American Badger is the kind of film that opens on a title-card stating, in Times New Roman font, the dictionary definition of what a badger is. Before introducing a liquor-slinging mob hitman, who’s conveniently called, you probably guessed, The Badger. It’s almost like those few extra lines of text over the opening are all the character introduction we need. Or at least, all the character introduction we’re going to get.
Suffice to say, Kirk Caouette’s bargain bin action romp steams straight into a no-holds-barred battle royale, tripling the body count of most movies in its opening five minutes, and in fairly impressive fashion too. Writer, director, exec producer and star Caouette is a talented choreographer and stunt performer after all, with credits on all sorts of Hollywood hits from X-Men to Snakes On A Plane. And it shows, not only in the cleanness of the cuts, but in the brutality of the beatdowns too.
At its height, American Badger feels like a budget John Wick, with pockets of gun-fu and video-game style shootouts staged and shot well, and enough in number to please your average straight-to-DVD Segal fan. Everything in-between though, is a hulking mess on a level usually reserved for the Tommy Wiseaus of this world.
Caouette’s insistence on starring here is the first major red flag that we’re in for what is likely a solid gold vanity project. He’s a talented fighter for sure, but even in low-budget indie circles, it’s been a while since we’ve seen a performance this charisma-less and awkward. For the most part, he stares gormlessly past the lens, occasionally wiping his face or turning away so his editor can squeeze in some off-kilter ADR. Sometimes it’s funny just how clueless he seems on camera, but it’s mostly just uncomfortable to watch.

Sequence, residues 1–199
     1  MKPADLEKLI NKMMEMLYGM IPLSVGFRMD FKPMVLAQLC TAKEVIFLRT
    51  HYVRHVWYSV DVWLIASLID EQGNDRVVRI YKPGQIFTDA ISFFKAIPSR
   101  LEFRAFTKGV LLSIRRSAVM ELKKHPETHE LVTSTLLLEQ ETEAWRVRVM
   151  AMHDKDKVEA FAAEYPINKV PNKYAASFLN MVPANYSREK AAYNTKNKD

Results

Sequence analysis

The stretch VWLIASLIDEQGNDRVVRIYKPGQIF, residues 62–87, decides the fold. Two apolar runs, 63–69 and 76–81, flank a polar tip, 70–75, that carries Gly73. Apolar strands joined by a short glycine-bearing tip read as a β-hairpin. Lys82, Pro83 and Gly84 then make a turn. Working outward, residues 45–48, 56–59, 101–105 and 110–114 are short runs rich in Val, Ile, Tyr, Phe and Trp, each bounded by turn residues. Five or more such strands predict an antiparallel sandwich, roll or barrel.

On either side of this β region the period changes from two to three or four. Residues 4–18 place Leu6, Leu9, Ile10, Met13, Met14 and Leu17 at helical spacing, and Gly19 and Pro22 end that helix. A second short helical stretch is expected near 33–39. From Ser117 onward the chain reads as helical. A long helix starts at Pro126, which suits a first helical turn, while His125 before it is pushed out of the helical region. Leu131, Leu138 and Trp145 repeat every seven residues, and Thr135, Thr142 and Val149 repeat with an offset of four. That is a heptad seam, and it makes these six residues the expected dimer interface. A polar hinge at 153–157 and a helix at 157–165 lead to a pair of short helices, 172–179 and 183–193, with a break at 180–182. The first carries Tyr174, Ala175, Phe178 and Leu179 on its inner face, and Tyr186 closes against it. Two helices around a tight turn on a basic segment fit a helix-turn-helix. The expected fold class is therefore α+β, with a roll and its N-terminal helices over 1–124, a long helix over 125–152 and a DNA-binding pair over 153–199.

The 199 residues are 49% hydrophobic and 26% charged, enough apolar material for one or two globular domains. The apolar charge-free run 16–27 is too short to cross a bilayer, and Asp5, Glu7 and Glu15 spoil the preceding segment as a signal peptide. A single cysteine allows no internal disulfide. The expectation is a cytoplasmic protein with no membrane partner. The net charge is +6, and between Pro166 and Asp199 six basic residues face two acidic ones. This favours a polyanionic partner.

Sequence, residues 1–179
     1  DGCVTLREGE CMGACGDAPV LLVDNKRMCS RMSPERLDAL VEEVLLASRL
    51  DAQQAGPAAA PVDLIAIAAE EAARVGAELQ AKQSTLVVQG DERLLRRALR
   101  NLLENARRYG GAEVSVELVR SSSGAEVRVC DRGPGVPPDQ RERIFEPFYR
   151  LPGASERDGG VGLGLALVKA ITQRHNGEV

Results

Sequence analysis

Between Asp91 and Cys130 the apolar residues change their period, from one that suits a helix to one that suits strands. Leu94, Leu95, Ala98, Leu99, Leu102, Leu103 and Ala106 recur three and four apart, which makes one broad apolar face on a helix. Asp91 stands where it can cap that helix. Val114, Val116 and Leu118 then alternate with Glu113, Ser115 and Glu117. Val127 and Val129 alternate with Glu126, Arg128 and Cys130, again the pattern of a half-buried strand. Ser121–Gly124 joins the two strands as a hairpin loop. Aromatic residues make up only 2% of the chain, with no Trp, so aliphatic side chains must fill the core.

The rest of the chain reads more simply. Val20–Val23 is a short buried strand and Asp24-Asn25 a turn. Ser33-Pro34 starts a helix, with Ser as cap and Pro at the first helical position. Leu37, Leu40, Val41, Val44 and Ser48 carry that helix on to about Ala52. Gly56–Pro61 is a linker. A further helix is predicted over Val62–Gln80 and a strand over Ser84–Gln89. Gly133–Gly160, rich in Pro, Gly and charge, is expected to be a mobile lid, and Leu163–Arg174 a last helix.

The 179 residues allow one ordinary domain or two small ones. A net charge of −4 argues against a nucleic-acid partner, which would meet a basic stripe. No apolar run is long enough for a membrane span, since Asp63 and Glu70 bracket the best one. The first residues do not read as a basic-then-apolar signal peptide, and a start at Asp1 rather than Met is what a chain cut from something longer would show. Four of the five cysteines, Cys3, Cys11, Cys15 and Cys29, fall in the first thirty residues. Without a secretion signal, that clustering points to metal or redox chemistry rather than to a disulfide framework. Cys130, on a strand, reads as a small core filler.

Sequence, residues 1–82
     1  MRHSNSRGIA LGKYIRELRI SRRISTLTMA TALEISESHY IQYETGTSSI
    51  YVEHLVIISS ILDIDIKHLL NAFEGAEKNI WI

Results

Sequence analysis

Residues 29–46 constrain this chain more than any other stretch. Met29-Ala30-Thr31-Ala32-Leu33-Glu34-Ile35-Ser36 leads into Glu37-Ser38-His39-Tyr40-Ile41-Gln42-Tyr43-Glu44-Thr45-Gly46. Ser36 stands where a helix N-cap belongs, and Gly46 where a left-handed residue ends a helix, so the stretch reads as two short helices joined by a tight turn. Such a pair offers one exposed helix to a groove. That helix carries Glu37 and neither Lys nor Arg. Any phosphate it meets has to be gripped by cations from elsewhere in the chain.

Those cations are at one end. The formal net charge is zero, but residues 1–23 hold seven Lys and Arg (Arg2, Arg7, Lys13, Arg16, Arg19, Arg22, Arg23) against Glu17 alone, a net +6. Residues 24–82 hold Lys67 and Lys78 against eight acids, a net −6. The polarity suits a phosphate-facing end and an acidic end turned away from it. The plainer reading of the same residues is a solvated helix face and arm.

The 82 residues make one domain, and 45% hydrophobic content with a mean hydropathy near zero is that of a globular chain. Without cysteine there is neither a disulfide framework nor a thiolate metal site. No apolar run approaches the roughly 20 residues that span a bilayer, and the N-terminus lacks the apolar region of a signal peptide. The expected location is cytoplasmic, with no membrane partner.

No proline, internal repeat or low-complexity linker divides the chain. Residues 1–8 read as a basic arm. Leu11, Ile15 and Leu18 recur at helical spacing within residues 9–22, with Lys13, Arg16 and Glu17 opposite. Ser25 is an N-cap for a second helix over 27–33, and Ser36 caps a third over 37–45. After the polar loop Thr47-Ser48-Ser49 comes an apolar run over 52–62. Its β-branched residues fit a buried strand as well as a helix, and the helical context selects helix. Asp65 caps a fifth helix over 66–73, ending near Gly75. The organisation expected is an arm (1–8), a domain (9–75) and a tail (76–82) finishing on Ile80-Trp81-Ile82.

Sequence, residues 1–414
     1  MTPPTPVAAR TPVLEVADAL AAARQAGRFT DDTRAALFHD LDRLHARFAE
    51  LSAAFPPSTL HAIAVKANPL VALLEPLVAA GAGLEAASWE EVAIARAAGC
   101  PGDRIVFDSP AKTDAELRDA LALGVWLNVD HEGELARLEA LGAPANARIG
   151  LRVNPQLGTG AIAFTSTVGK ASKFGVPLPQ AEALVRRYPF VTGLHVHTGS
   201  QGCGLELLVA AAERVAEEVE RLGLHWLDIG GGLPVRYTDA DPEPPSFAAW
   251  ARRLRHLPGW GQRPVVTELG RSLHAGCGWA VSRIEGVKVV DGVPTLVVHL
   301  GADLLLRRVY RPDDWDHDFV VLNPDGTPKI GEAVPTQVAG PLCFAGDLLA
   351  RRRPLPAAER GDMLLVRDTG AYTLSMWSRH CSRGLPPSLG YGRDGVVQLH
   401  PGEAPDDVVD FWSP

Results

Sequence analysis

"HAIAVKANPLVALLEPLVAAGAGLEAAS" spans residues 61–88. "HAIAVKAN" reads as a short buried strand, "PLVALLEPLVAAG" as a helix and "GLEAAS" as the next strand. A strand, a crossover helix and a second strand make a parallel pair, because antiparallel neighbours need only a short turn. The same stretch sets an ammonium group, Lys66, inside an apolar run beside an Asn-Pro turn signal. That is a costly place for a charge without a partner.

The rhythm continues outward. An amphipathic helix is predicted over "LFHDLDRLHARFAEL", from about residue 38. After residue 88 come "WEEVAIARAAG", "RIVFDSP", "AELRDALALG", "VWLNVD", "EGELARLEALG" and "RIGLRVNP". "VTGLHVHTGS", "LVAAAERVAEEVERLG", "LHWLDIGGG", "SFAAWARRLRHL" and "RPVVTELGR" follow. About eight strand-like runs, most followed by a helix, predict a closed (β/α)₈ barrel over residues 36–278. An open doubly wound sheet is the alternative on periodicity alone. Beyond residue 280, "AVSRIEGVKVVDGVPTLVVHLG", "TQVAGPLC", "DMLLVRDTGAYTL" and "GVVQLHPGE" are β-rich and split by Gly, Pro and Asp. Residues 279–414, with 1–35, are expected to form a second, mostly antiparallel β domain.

In fact, Caouette’s performance sets the tone for what is ultimately the film’s major downfall. His misunderstood assassin doesn’t actually feel that misunderstood; towards the beginning he soberly mumbles (in more awful, obvious ADR) about everything from his dead wife to a rambling books-worth of empty philosophy, but there’s no real movement on from there. It’s an anti-hero who falls firmly on the wrong side of aggressive loner, well into creepy territory, especially as the film itself starts to burrow its way deeper and deeper into an incredibly dark sex industry subplot.
You see, not only is The Badger a grief-stricken alcoholic with a violent past, he’s also hopelessly pining after troubled call girl Marcella (Andrea Stefancikova), who’s in deep with some dodgy Russian gangsters; well and truly crossing off every square on the bargain basement action movie bingo sheet.
And if the film’s dicey drama wasn’t a total wash before, just you wait until Caouette decides to start throwing in edgy cam girl footage and a seriously nasty gang rape scene, all of which have little to do with the plot and ultimately do nothing but drag the whole affair deeper and deeper into the depths of depravity.
On paper, American Badger should be a solid (if brainless), good-time action flick; the strength of its fight choreography alone is enough to seal the deal. But instead it gets lost in a profoundly uncomfortable hero complex, tied to horrendously dark plot threads that it simply does not have the grace or maturity to deal with in a non-exploitative way,
As far as vanity projects go, Kirk Caouette’s is far from the worst, and might prove entertaining to the right people (action junkies) in the right context (very, very drunk). But it’s much too nasty and poorly strung in its drama to make a stronger impact than any one of its bargain bin brothers and sisters. If you’re looking for cheap and silly action, there are better options for sure.
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